Katherine Gorge was named by Scotsman John MacDow Stuart in 1862 after the daughter (Katherine) of his Adelaide sponsor, James chambers. 

Paul had to push Alan’s wheelchair back up the slope and two people offered to help. It is amazing how many kind people offered while we were away. I love it when Paul calls the small tent- like cabins with wire netting for back packing tours ‘Budgie cages’.

 

We relax in our luxurious surroundings. It is so peaceful here but we still need Paul and Marian’s anti mozzie wipes, jell and coils when we sit outside. Washing dries so quickly. I washed out a blouse in the morning, hung it on a hanger and wore it that afternoon. Alan is happy and well as this trip is a great pace for him,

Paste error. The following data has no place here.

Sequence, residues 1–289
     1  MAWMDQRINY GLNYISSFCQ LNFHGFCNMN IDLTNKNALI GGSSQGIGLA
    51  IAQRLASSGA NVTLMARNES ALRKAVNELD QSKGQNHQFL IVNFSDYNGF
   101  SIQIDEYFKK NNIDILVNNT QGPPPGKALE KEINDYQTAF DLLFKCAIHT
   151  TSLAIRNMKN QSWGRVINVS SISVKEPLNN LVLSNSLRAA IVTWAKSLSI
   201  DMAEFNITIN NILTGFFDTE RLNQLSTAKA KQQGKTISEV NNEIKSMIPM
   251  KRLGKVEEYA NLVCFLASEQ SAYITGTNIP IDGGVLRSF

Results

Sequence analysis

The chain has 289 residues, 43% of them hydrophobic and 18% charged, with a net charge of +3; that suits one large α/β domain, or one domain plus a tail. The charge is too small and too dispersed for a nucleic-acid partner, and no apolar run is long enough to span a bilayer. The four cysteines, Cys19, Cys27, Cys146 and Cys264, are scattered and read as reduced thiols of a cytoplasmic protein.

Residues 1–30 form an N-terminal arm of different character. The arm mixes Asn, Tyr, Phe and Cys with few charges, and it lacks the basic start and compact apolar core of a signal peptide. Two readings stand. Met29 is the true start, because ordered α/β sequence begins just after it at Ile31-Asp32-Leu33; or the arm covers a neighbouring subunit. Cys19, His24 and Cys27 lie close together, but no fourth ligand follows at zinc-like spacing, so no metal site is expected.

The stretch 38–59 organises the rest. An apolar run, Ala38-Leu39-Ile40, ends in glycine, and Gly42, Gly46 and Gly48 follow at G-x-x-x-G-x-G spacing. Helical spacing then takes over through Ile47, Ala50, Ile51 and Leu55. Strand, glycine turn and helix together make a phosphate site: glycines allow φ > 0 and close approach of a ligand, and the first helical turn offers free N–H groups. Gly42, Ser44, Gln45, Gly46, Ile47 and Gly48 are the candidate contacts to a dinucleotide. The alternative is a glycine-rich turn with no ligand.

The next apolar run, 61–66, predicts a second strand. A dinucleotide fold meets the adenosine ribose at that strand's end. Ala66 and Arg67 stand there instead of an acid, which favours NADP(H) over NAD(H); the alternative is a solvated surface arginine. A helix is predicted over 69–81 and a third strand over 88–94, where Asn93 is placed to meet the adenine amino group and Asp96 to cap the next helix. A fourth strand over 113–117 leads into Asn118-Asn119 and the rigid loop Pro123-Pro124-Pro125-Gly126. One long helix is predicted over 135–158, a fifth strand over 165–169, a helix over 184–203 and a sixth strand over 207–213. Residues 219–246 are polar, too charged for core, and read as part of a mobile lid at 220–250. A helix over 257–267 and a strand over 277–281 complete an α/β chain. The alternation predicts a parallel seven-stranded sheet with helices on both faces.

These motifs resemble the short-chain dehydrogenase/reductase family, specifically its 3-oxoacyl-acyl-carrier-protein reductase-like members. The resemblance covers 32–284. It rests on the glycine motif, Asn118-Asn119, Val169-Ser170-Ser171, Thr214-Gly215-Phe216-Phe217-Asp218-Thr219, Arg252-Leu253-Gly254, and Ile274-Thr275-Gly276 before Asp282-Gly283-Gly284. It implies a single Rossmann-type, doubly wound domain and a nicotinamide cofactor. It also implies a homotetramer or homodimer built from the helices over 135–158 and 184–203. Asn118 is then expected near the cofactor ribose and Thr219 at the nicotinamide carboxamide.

Tomorrow we go to Mataranka and I can’t wait to see what it is like now.

Yellow Waters in Kakadu

I haven’t kept up with this blog. I know, I know. The reasons for writing it are numerous and varied. I know them all, but I have been procrastinating. Putting off writing and delaying with all the excuses under the sun. But…I’m back. This will be the perfect record of a perfect trip…and will get me writing again

The surrounding country of Kakadu (20,000 square kilometers) belongs to indigenous people.

If you respect country, it will look after you

We are the visitors.

Paul picked us up from the Crocodile Hotel at 5.15 am to take us to the Yellow Waters. I am not at my best at that hour of the morning, but I felt excited about the experience ahead and everyone else in our party felt the same. Just the thought of meandering along in our open boat watching the moon fade and sunlight slowly gild the water was enough to keep me going.